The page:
Trouble with Comics

Daily Breakdowns 068 - Wave Hello, Say Goodbye

First Wave #1 (of 6)
Writer - Brian Azzarello
Artist - Rags Morales

Publisher - DC Comics. $3.99 USD

I didn’t pay a lot of attention to news about DC doing some sort of new imprint, or at least establishing some new corner of the DCU, for the Spirit, Doc Savage and I presume other Golden Age pulp heroes they have rights to use. I saw Azzarello’s name and just didn’t think he was the right guy to do it. I’m not convinced I was wrong yet, but this first issue of a miniseries planned to (re)introduce these characters is more interesting and a bit less mannered than I would expect from Azzarello. He only gets into some of his Tourette’s here and there (“the one thing right about the wrong guys”), and mostly keeps things lively with a ton of characters and different milieux introduced. Despite the cover, no Batman yet, but I think there’s hints about maybe The Phantom (I’m not sure if he’s the guy who gets his eye punctured by a robot, but I’m guessing that’s a different character), a Russian bad guy, the cold, pragmatic Doc Savage, the newspaper columnist who rips Doc Savage, a cheerfully sleazy Commissioner Dolan (brought into more or less standard DCU house style aside from the trademark acromegalic chin), and the more action-oriented but still amusing Spirit, who seems to make a living beating up thugs, though it’s not clear how. And in case I didn’t mention it, an eye-puncturing jungle robot. It looks like, Lost-style, a misplaced or stolen dead father is going to bring two of our male leads together, Doc Savage and The Spirit.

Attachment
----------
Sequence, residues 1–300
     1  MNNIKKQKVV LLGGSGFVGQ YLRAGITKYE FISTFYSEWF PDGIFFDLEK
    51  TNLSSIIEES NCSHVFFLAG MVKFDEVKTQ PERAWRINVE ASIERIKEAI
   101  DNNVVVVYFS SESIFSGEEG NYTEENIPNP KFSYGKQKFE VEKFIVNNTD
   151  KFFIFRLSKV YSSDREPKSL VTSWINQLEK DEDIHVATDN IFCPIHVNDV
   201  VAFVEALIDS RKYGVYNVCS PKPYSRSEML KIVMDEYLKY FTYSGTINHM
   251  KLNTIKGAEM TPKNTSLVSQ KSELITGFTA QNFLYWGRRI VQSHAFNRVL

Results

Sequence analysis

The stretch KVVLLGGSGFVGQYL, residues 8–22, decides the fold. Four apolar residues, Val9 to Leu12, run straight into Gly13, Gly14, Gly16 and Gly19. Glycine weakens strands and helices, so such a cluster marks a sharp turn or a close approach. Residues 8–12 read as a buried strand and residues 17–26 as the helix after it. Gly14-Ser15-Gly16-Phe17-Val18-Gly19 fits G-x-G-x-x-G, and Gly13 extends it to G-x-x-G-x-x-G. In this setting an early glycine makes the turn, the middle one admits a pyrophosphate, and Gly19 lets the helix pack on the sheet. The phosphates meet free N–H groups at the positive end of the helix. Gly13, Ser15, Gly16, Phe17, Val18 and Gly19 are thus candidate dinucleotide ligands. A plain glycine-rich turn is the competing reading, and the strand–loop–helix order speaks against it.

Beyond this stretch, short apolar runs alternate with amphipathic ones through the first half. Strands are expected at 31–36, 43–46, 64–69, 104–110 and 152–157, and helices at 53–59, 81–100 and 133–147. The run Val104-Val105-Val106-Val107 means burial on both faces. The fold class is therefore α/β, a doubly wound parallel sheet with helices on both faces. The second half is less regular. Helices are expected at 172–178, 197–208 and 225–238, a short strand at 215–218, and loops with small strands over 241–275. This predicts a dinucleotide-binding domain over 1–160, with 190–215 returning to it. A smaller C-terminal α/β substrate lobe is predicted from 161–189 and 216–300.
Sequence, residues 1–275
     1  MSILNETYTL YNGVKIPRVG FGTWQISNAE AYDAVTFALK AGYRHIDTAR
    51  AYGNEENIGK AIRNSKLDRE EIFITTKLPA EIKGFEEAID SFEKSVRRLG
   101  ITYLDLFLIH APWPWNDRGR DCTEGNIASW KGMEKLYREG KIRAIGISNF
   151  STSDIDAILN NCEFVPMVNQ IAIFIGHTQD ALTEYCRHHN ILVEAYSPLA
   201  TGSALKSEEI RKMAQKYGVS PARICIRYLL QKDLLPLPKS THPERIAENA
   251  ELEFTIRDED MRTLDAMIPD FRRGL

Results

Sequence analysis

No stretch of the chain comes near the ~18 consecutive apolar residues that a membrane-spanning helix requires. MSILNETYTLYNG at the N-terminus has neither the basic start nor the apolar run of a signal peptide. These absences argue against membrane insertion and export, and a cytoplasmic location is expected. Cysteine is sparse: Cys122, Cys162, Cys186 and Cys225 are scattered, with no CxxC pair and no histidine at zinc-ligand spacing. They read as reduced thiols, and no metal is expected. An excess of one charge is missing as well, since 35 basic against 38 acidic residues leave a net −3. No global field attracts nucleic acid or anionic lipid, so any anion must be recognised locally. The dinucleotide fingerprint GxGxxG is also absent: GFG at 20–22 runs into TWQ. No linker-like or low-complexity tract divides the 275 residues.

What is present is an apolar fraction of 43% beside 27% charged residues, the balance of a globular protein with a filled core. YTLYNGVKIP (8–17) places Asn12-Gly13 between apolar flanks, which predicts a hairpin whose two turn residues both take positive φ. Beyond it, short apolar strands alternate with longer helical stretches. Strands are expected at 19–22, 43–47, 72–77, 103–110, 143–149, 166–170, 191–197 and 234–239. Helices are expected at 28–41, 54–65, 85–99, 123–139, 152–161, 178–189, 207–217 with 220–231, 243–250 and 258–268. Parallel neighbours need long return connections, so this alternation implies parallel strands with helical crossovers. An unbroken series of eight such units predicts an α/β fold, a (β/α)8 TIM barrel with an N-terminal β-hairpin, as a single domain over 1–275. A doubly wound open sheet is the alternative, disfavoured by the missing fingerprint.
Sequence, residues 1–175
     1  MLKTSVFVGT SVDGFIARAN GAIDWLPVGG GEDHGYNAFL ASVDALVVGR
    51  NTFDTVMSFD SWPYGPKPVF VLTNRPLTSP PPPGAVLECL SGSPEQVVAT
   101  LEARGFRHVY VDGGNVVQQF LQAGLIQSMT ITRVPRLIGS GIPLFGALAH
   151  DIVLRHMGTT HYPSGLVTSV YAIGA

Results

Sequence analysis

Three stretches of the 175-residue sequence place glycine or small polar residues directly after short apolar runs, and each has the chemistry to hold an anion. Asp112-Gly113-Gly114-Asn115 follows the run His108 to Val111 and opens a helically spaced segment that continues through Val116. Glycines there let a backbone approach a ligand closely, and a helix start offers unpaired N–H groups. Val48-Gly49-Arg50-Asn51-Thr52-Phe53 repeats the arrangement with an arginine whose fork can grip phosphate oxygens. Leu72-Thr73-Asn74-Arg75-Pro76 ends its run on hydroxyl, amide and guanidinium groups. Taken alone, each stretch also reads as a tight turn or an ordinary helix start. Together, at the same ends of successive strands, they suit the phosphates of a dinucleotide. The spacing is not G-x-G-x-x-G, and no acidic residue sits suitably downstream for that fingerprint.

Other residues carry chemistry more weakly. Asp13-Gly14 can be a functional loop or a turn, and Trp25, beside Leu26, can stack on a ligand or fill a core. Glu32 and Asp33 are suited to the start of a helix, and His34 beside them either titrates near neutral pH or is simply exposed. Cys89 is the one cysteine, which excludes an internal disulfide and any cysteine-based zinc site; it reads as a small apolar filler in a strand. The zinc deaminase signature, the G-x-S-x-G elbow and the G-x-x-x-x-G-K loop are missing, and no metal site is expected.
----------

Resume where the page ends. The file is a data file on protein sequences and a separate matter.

Morales’ style is maybe a little pedestrian to try to sell new readers on these ancient characters, but it’s okay in an Epting/Guice/Perkins/everyone-has-the-same-cheekbones-way. Curiously, there’s not a single female character, apparently crowded out by our multiple male narrators, but you have to figure Ellen Dolan and a femme fatale or two will make the scene soon. Morales hasn’t provided the most dynamic fabric samples, but Azzarello is clearly working hard sewing this quilt together.

Girl Comics #1 (of 3)
Writers - Trina Robbins, G. Willow Wilson, Devin Grayson, Various
Artists - Colleen Coover, Tana Sekeda, Various
Publisher - Marvel Comics. $4.99 USD

This is ghastly, and I really wanted it to be good. The prime directive here was clearly “Women first, quality second.” Although this is a gynocentric anthology that breaks no actual laws, since Trina Robbins was duly included, Marvel should really be ashamed for putting out this slapdash assemblage of indifferent superhero shorts, a pointless Franklin & Val Richards children’s book mashup, and a cheesy She-Hulk pin-up. Aside from Robbins’ 1969-set Venus tale, which is at least mostly coherent and has cute art by Stephanie Buscema (the lineage alone is a nice touch), and a lovely if earnest intro piece by Colleen Coover, the unknowns are unknown because they’re not ready yet and the known, normally competent writers like Willow and Grayson phone it in with stories that may as well have been called, “Nightcrawler Stops Guy with Knife While German Chick Sings Bad Lyrics” and “Jean Grey Lies to Scott’s Face and Really Wants to Bang Logan.” The sad thing (well, one more sad thing) is that there are also two wonderful, heart-in-the-right-place tributes to Marvel mavens Flo Steinberg and Marie Severin that only emphasize how far most of the talents here have to go to match their work ethic. It will take me a while to forget the emaciated Punisher posing as “sadprincess” online in order to kill a guy.

—Christopher Allen